He just plain will not jump when the whip is cracked. And so he is of no use to us, the calcified, entrenched powers. He will not see to it that he acts as an instrument by which we both keep and augment those powers and the rewards -- for ourselves -- that go with them.

What has happened is that there has been too much persuasion. The television set, the newspapers -- all the so-called mass media, have overdone it. Words have ceased to mean much to these kids; they have had to listen too many. They cannot be taught, because there has been too great an eagerness, too conspicuous a motive, to make them learn.

The anti-utopia science fiction writers of fifteen years ago, and I was one of them, foresaw the mass communications propaganda machinery grinding everyone down into mediocrity and uniformity. But it is not coming out this way. While the car radio dins out the official view on the war in Vietnam, the young boy is disconnecting the speaker so he can replace it with a tweeter and a woofer; in the middle of the government's harangue the speaker is unattached.

And, as he expertly hooks up better audio components in his car, the boy fails even to notice that the voice on the radio is trying to tell him something. HIs head is turned toward immediate realities, the speaker itself, not the flatuus voci dinning from it.

The totalitarian society envisioned by George Orwell in should have arrived by now. The electronic gadgets are here. The government is here, ready to do what Orwell anticipated. So the power exists, the motive, and the electronic hardware. But these mean nothing, because, progressively more and more so, no one is listening. The new youth that I see is too stupid to read, too restless and bored to watch, too preoccupied to remember.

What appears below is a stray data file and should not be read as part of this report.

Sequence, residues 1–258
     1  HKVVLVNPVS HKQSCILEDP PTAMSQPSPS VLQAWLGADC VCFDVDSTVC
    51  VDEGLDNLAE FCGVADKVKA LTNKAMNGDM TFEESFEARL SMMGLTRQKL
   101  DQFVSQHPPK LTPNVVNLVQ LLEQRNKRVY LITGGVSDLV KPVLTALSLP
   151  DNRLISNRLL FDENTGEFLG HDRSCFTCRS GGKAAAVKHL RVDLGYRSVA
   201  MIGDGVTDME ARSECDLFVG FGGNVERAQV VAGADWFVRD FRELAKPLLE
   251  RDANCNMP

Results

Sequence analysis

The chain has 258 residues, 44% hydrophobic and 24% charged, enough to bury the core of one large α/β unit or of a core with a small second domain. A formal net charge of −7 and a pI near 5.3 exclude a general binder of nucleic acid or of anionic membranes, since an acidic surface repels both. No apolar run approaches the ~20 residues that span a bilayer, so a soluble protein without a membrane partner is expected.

The collective voice of the authorities is wasted on him; he rebels. But rebels not out of theoretical, ideological considerations, only out of what might be called pure selfishness. Plus a careless lack of regard for the dread consequences the authorities promise him if he fails to obey.

He cannot be bribed because what he wants he can build, steal, or in some curious, intricate way acquire for himself. He cannot be intimidated because on the streets and in his home he has seen and participated in so much violence that it fails to cow him. He merely gets out of its way when it threatens, or, if he can't escape, he fights back. When the locked police van comes to carry him off to the concentration camp the guards will discover that while loading the van they have failed to note that another equally hopeless juvenile has slashed the tires.